Will Gasoline Become a Luxury?
The national average gallon of the cheap stuff has risen 41 days in a row, to $2.62 a gallon. That’s a $1 rise, or 61%, from the average price at the start of 2009. Certainly enough to scuff the luster off those economic “glimmers of hope,” don’t you think?
“This hits everyone,” famous Yale economist Robert J. Shiller told the NYT. “It has the potential to affect your confidence.” According to Shiller, a few months at these prices could offset President Obama’s new $400-800 middle class tax cut. The Oil Price Information Service claims today’s gas prices costs consumers $400 million more every day compared to January’s ultra-low prices.
Will it go higher from here? If oil’s price is any indicator, maybe. While gas prices are up 61% from their lows, crude oil has more than doubled.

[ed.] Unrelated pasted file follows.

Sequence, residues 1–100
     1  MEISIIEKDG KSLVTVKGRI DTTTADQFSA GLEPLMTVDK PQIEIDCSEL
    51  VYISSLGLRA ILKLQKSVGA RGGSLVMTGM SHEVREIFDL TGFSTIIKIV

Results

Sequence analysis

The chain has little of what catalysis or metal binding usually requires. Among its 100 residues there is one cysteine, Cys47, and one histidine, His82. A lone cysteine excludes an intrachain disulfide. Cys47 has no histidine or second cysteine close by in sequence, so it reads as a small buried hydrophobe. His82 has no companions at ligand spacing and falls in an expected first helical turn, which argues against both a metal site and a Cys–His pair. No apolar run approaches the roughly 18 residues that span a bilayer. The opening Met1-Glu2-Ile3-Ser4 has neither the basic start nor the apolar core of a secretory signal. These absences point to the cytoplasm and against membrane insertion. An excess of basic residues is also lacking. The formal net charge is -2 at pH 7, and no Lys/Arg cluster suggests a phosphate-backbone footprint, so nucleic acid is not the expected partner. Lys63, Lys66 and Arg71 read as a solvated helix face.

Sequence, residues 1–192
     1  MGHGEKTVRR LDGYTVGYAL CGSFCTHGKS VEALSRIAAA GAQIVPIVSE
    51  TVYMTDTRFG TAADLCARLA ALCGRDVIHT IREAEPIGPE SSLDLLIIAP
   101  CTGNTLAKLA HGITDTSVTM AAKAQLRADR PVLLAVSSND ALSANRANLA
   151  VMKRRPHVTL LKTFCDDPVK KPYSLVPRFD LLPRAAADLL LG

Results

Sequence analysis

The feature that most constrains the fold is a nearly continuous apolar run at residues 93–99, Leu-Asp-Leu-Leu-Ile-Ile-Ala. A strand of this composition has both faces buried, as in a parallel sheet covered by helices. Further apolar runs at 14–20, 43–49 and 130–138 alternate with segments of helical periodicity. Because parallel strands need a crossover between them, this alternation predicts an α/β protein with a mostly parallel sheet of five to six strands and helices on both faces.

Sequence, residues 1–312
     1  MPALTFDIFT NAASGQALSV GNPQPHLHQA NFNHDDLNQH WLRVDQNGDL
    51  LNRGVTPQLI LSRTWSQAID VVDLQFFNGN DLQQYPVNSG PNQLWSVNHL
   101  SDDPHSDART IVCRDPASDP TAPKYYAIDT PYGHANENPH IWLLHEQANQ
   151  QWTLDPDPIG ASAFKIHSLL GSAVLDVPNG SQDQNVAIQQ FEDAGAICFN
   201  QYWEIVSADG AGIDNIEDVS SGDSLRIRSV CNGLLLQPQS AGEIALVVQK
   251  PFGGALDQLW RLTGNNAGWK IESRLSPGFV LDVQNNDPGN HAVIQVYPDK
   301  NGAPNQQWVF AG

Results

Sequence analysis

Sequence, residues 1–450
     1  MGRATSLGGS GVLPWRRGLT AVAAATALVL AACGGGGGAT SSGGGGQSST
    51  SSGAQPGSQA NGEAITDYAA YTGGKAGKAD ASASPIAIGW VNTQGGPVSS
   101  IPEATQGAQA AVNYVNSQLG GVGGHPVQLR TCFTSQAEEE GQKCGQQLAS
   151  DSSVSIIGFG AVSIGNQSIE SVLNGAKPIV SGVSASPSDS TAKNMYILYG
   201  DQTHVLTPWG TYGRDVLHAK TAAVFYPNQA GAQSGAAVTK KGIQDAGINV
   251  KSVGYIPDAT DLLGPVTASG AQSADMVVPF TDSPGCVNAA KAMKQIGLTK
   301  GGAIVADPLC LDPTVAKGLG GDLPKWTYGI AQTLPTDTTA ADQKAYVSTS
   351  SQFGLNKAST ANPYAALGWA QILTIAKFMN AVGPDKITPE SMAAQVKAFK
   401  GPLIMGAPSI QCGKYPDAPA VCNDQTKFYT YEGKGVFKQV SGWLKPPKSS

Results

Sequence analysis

“Consumer behavior has changed,” writes Dan Amoss. “The typical basket of consumer goods is also changing. Most consumers are smart and adaptive and realize they need to save a lot more out of their paychecks, and will do so despite the government currently encouraging as much spending and risk taking as possible. This trend will last for years, and we should not underestimate it.
“Consumers will still spend more wisely on things that provide good value, and on affordable luxuries like gasoline (the talking heads still underestimate how strong gasoline demand will remain throughout this recession). Yes, I consider gasoline a luxury, and more probably will as the rest of the developing world increases gasoline consumption — recession or not. Governments are printing money and running deficits, and as long as this is happening, this new money will chase goods that every human demands — like refined oil products.”